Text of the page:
FE: [smiles] Absolutely. All you have to do is develop sufficient awareness of your personality patterns, so you can be at choice about them not running the show, and quiet the mind sufficiently with your Centering Prayer practice so that you can be lead to live from your heart where you know God has your back. Then you can allow yourself to become increasingly vulnerable to the world because it is not you but God acting through you. You don’t have to worry about figuring out things or how to handle situations that use to baffle you, all you need is to be fully present and open so that God’s love can manifest through you into what is the next right action. This is what is called living a life that is energized by your Christian faith, not some abstract belief system that is recited but not lived.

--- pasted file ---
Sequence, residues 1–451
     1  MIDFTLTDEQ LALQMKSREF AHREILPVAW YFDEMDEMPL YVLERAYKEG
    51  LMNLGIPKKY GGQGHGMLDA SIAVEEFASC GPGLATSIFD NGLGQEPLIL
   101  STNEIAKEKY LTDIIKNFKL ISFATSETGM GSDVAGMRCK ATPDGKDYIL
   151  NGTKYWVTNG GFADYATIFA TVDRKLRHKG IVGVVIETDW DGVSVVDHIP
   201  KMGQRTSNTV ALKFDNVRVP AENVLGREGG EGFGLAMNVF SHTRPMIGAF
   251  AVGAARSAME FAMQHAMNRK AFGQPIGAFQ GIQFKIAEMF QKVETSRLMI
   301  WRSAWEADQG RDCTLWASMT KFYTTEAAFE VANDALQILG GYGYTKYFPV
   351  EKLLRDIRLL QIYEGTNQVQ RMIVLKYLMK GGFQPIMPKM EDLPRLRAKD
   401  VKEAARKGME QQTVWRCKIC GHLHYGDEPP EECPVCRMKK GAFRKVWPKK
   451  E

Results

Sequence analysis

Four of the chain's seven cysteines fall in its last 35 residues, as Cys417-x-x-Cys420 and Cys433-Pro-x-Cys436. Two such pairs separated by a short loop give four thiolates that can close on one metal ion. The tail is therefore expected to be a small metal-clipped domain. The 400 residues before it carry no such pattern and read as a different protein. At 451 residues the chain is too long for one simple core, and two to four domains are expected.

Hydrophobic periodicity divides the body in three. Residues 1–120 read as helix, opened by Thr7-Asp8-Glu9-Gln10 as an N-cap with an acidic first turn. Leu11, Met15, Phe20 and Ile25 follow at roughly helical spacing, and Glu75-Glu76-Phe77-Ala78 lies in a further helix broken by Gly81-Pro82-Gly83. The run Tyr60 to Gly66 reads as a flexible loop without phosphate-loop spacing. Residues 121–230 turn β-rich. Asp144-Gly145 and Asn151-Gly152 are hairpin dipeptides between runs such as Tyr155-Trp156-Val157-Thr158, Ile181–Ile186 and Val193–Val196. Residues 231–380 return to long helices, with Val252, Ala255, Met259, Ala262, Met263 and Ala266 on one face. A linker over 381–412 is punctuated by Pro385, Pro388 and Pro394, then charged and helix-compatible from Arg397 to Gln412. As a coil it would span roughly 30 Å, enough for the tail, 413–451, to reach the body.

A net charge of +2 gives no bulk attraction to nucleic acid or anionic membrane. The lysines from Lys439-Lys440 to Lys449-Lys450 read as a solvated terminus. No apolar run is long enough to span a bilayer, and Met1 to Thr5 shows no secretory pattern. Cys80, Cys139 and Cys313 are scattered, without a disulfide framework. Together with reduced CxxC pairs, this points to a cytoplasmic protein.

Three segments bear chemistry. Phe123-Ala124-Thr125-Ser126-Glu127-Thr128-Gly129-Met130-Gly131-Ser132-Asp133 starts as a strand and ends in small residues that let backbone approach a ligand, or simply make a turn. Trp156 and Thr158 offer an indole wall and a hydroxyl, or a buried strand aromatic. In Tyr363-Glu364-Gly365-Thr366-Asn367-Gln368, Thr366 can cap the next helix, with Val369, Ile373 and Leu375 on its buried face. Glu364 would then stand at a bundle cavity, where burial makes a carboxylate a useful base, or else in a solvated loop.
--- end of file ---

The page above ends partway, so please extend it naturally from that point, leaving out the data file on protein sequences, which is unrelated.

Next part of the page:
TS: I think I understand, but it seems like a tall order from the perspective of the twenty-first century. Do you have anything I could take back with me about what it means for a Christian to lead a life of faith, a life not sourced or energized from one’s own ego self sufficiency, but from connection with God within?
FE: Remember that head knowledge is not going to get you out of the starting block, but if you insist hand me that scroll over there. Here is what several of the young monks wrote down as what it means to live from a life of faith:
- to commit to letting our life be guided by love (God), recognizing that the ability to love and to know what love asks in any situation, increases as our level of consciousness and freedom from our own ego (false self) increases
- to recognize that we are children of God (our Creator) and that this life is a gift and that love and its daughters, peace, justice, truth, beauty are all expressions of this relationality
- to seek to have a personal path of exploration of how to increasingly give and receive love and be directed by love (God), that is a path of intimacy with God, recognizing an embodiment of divine love is seen in Jesus and other love-enlightened beings
- to surrender our life to the divine, that is to an energy of love in the world that is greater than we are and comes from the relationality of all things